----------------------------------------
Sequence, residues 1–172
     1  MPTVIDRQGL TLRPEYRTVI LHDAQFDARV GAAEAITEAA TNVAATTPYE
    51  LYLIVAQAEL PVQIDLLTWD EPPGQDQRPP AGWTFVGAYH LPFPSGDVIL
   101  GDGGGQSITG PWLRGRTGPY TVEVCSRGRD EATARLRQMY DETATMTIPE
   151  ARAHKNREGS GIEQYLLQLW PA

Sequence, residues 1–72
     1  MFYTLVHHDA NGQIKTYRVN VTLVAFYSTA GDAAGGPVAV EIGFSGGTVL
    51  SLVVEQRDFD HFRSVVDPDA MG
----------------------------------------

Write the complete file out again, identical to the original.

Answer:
Sequence, residues 1–172
     1  MPTVIDRQGL TLRPEYRTVI LHDAQFDARV GAAEAITEAA TNVAATTPYE
    51  LYLIVAQAEL PVQIDLLTWD EPPGQDQRPP AGWTFVGAYH LPFPSGDVIL
   101  GDGGGQSITG PWLRGRTGPY TVEVCSRGRD EATARLRQMY DETATMTIPE
   151  ARAHKNREGS GIEQYLLQLW PA

Sequence, residues 1–72
     1  MFYTLVHHDA NGQIKTYRVN VTLVAFYSTA GDAAGGPVAV EIGFSGGTVL
    51  SLVVEQRDFD HFRSVVDPDA MG